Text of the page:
• [0011]
    It is thus a purpose or object of the present invention to provide an improved wall protector device in the form of a bumper that is easily attached adjacent to the associated switch or other wall mounted device and does not require the switch to be dismantled or reconfigured.
  • [0012]
    Another object of the invention is to provide a switch protector in the form of a flat piece of material that is curved to form a spring like device that is held in place with conventional fasteners.
  • [0013]
    It is another object of the invention to provide a contoured bar that is attached to a wall adjacent a switch in such a fashion to protect the switch from damage.
  • [0014]
    It is yet another object of this invention to provide a switch bumper that has a reflective surface to aid in location of the switch under poor light or emergency situations.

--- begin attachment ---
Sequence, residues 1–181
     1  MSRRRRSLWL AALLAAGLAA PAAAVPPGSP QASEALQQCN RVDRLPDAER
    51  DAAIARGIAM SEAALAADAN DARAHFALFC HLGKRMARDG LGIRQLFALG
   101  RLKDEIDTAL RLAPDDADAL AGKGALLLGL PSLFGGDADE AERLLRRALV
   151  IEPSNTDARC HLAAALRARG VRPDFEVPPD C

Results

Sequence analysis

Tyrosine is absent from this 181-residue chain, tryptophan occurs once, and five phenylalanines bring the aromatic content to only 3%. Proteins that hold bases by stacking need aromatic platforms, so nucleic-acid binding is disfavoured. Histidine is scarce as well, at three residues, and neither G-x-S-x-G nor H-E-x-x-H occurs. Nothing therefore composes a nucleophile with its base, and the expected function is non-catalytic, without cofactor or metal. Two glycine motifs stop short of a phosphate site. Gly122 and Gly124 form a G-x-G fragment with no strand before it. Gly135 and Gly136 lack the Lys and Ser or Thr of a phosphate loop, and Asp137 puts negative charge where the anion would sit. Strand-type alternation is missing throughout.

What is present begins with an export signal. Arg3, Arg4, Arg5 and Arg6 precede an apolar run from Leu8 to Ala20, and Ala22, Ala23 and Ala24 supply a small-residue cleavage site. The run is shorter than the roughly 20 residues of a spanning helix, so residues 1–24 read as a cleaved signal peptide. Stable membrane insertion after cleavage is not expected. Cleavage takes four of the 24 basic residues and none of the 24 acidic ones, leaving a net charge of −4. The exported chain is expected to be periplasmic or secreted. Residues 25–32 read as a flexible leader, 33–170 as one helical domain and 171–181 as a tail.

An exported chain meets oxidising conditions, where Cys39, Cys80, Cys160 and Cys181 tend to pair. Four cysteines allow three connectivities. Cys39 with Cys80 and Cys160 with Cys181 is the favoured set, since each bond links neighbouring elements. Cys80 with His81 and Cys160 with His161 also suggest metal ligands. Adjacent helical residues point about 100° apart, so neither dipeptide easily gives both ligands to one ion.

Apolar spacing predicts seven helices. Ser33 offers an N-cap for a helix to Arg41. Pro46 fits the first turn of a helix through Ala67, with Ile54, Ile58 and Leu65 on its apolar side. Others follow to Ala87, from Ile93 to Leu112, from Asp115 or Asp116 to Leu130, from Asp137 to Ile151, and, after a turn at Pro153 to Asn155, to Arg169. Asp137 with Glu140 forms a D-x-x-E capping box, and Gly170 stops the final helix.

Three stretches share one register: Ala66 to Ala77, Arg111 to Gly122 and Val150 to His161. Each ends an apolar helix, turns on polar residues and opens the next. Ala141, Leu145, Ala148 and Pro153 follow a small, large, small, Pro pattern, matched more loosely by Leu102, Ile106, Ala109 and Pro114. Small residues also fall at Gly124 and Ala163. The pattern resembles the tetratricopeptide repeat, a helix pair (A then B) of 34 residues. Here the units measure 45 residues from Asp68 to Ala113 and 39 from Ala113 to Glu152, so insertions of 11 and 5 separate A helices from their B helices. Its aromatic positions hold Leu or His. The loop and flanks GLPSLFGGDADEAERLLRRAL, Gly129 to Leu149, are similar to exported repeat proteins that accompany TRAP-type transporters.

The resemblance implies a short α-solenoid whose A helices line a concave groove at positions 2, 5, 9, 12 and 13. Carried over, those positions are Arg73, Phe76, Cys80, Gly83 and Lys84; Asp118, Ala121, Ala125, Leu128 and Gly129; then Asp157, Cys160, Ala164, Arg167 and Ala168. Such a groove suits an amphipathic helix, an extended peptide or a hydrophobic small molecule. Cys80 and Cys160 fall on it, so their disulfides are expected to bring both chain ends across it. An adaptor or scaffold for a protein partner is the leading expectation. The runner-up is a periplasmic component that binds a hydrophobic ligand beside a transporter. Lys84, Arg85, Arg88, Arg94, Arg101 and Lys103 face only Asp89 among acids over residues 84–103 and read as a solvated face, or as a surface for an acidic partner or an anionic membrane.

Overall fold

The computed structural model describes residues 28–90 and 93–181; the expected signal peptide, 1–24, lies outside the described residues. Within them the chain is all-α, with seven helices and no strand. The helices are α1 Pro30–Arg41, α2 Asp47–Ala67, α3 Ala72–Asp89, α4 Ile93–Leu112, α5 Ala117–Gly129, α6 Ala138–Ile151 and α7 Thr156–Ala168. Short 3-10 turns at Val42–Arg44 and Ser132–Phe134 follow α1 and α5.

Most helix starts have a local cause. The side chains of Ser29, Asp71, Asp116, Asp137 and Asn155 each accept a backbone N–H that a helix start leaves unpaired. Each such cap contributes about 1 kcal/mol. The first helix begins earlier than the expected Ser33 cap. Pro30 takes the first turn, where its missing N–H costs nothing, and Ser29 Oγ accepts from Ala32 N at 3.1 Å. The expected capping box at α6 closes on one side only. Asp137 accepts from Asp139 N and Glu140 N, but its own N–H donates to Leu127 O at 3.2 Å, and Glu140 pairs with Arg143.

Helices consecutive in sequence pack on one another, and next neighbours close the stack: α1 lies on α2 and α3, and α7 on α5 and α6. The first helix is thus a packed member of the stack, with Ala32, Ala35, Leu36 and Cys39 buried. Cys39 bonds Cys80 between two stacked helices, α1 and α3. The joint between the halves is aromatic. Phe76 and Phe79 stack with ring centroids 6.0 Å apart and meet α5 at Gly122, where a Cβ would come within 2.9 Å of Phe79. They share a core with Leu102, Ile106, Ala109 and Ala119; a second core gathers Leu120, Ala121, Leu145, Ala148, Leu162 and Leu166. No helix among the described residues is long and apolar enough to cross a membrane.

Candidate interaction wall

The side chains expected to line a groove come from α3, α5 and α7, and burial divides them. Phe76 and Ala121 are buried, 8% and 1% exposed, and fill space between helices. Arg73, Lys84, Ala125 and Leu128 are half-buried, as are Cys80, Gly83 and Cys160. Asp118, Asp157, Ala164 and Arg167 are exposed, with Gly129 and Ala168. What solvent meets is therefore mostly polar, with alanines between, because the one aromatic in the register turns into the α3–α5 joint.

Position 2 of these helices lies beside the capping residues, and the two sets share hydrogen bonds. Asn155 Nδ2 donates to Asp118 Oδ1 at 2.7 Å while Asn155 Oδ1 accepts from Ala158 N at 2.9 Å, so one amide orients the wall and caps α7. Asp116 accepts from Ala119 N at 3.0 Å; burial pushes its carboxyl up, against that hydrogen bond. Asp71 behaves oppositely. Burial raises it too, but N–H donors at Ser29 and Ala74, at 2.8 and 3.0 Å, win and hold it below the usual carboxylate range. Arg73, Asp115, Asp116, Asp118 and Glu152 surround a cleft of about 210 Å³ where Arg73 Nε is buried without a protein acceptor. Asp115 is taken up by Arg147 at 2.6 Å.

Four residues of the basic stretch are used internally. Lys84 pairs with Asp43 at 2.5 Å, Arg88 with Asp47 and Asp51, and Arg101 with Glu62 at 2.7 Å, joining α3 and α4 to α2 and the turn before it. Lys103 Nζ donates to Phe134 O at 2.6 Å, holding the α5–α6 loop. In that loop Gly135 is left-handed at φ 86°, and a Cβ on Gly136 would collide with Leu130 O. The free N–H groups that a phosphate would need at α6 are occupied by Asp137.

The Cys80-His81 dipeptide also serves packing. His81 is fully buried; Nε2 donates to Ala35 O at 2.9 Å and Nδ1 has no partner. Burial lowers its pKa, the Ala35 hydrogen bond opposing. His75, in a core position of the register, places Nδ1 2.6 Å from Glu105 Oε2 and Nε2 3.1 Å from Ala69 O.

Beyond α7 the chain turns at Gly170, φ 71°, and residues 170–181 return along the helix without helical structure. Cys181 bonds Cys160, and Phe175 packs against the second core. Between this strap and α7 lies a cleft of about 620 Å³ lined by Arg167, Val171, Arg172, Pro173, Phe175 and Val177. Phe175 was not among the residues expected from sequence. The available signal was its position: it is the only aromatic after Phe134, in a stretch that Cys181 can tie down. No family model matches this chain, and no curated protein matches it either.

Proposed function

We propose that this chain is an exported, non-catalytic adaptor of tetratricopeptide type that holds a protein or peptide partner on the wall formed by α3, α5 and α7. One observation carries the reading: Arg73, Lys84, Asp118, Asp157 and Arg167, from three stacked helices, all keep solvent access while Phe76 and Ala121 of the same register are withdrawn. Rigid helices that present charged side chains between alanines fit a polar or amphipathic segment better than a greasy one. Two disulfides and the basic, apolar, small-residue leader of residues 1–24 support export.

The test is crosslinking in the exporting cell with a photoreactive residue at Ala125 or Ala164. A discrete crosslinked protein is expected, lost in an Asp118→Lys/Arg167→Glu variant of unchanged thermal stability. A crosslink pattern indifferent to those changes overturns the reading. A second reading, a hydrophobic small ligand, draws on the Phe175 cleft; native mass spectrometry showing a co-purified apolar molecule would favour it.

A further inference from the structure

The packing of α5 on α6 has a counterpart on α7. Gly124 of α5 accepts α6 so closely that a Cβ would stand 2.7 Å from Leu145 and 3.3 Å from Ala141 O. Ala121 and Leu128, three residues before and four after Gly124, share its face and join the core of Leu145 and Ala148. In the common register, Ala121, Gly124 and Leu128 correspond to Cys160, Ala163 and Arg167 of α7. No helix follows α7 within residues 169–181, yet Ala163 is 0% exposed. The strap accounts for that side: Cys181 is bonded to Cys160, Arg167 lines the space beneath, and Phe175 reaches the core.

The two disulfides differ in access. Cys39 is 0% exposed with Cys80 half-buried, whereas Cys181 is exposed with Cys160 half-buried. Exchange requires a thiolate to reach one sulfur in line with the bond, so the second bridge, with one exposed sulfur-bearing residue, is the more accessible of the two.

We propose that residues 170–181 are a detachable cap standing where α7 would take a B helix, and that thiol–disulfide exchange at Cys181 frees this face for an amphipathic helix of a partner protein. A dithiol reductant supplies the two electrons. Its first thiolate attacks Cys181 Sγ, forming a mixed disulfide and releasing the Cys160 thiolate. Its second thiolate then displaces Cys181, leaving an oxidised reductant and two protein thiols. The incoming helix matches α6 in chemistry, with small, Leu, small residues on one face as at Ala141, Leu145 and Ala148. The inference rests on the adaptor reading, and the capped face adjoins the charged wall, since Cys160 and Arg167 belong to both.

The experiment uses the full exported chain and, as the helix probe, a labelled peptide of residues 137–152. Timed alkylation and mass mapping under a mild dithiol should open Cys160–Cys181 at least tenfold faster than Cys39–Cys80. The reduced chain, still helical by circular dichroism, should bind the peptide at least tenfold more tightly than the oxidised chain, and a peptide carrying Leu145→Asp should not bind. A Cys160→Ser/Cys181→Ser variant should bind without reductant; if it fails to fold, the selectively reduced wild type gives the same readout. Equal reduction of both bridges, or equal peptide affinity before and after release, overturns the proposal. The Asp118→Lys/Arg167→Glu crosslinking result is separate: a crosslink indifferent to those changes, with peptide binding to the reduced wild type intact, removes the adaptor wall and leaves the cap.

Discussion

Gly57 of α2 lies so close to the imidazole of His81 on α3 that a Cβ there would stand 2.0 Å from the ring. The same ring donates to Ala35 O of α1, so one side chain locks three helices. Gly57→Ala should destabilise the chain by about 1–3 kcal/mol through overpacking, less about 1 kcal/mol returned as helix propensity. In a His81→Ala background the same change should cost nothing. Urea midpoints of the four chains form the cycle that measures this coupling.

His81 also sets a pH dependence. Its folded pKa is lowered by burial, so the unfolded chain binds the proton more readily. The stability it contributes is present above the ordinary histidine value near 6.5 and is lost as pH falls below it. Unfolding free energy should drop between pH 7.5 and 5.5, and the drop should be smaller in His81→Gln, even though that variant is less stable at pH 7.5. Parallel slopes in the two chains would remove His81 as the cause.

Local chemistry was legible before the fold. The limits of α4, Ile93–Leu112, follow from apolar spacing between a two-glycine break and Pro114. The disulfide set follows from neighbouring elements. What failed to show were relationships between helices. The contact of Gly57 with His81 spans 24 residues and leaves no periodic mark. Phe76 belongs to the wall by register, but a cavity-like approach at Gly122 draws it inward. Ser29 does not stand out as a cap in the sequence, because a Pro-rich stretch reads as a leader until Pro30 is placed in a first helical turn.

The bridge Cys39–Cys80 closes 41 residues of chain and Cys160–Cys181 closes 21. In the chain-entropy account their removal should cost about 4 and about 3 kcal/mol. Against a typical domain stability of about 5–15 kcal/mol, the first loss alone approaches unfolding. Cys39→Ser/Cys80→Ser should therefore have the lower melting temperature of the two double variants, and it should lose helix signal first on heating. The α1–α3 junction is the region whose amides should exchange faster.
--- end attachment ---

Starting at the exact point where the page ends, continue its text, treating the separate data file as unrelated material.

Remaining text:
• [0015]
    It is yet another object of this invention to provide a wall mounted guard for switches and the like that can be provided in two parts.
  • [0016]
    These and other objects of the invention will become apparent to those having ordinary skill in the art with reference to the following description, drawings and appended claims.
  • [0017]
    FIG. 1 is a perspective view of the flat plate type of bumper;
  • [0018]
    FIG. 2 is a section view taken along lines 2-2 of FIG.1;
  • [0019]
    FIG. 3 is a section view taken along lines 3-3 of FIG. 2;
  • [0020]
    FIG. 4 is a section view taken along lines 4-4 of FIG. 1;
  • [0021]
    FIG. 5 is a modified form of the invention;
  • [0022]
    FIG. 6 is another modified form of the invention;
  • [0023]
    FIG. 7 is a cross section view taken along lines 7-7 of FIG. 6;
  • [0024]
    FIG. 8 is another modified form of the invention;
  • [0025]
    FIG. 9 is a cross section view taken along lines 9-9 of FIG. 8.;